Volume 5, Issue 1
  • ISSN 2210-4070
  • E-ISSN: 2210-4097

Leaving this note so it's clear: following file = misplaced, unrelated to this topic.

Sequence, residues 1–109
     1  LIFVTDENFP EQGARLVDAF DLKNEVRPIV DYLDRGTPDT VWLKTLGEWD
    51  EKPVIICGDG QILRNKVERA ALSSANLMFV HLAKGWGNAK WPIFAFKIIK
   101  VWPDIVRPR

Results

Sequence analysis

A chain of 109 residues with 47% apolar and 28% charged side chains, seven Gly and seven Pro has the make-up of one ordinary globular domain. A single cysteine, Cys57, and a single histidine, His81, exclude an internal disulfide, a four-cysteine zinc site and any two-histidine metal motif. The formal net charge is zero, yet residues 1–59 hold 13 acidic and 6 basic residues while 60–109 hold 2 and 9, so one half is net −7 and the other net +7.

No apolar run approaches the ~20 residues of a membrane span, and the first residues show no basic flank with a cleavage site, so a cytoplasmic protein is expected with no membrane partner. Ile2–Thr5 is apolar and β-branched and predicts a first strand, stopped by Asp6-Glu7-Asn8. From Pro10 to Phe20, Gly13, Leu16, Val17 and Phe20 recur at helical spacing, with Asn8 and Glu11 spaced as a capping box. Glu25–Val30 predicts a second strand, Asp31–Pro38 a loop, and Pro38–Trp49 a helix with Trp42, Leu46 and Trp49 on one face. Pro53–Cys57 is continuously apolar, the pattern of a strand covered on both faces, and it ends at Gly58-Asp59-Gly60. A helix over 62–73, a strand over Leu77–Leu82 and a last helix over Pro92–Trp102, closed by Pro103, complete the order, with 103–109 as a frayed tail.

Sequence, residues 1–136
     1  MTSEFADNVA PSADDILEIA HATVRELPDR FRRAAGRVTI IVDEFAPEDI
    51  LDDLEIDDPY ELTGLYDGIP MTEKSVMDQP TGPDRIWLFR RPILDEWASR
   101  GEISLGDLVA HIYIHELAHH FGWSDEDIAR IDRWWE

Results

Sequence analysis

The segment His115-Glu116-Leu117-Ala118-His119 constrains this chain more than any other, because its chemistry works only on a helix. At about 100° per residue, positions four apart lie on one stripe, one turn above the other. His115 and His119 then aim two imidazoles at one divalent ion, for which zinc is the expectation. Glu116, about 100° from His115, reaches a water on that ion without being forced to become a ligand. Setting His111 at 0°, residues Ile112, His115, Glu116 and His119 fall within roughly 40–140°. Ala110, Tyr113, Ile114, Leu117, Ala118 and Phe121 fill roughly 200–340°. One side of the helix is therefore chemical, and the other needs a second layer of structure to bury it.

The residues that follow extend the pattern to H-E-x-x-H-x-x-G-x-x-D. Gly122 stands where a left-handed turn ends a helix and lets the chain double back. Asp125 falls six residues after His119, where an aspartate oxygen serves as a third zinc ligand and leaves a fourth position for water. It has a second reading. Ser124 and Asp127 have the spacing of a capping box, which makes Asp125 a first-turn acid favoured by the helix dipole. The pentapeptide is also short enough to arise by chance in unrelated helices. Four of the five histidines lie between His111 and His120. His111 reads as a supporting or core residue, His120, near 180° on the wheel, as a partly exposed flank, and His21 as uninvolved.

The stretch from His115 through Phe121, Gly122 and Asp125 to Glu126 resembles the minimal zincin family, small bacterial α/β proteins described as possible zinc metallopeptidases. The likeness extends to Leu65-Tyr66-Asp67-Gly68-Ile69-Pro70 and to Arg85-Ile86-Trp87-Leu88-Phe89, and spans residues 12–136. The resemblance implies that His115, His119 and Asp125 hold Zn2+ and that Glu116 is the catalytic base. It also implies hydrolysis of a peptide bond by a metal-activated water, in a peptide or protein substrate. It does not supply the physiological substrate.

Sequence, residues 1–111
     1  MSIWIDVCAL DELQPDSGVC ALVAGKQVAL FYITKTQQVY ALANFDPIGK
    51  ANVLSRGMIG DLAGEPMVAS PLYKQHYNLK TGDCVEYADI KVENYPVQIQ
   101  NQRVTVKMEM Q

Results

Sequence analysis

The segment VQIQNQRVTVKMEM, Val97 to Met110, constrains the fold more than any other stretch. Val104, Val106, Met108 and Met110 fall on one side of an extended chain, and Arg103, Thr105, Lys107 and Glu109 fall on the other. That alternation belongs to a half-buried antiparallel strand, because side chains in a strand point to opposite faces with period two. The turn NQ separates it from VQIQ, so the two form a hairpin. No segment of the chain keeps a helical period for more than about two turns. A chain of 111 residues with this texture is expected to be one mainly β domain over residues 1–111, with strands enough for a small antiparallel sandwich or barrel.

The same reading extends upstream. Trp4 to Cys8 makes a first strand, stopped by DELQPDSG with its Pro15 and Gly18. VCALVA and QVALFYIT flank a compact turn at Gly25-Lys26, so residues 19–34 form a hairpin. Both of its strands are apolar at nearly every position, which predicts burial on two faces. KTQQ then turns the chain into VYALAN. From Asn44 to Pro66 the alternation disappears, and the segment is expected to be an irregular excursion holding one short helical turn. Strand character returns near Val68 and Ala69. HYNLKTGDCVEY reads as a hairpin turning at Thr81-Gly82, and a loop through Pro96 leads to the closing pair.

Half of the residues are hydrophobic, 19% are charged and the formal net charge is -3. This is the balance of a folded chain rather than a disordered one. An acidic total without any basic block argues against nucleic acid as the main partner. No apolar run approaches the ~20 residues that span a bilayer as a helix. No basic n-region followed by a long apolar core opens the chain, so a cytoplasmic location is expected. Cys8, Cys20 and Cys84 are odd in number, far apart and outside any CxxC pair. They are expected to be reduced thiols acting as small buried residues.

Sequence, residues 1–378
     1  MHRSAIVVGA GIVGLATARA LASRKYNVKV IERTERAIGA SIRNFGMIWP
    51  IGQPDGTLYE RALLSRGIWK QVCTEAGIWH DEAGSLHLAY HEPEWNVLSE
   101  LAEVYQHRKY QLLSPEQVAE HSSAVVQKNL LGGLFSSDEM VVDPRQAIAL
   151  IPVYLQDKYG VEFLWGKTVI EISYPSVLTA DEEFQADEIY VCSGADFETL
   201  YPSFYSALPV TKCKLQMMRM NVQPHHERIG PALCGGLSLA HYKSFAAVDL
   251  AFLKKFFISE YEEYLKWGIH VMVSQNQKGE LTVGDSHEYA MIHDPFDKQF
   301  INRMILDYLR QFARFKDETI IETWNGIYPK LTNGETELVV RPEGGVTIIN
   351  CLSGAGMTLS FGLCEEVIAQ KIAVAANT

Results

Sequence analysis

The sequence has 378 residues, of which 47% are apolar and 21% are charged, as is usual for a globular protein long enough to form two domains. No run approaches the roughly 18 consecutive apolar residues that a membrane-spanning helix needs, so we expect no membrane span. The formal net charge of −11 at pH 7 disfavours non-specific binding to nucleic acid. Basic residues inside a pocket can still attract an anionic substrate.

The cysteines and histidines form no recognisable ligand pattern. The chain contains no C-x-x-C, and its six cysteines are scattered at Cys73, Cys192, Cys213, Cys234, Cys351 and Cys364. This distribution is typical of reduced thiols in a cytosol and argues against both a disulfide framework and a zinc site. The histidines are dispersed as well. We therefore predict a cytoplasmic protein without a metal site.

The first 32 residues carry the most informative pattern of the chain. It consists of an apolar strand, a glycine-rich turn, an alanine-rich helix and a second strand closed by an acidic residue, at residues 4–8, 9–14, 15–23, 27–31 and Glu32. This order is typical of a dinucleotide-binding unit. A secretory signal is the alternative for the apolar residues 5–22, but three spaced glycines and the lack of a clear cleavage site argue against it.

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This paper is aimed at verifying the experiential motivation of metaphorical language in a diachronic perspective. More specifically, I have tried to identify how socio-historical-cultural conditions may affect the actualization of a metaphor. To this end, I have grounded this research on Conceptual Metaphor Theory, which presents the linguistic metaphors in language as resulting from a conceptual-level mapping between domains of knowledge. With this in mind, I have restricted the investigation to the evidence of the MORAL ACCOUNTING metaphor in medieval religious instruction texts in England. Linguistic evidence of this metaphor in the Early and High Middle Ages were extracted and aspects of MORAL INTERACTION they express were identified, tabulated and confronted. Lastly, I have sought explanations for the maintenance and variation in the actualization of the metaphor, both in the immediate context of doctrinal production and in the broader context of commercial practices. I have found that, side by side with a surprisingly similar number of occurrences, there is evidence of the highlighting of aspects of MORAL INTERACTION that are situated historically and discursively which considerably affect the frequency of the scenarios of realisation of this metaphor.


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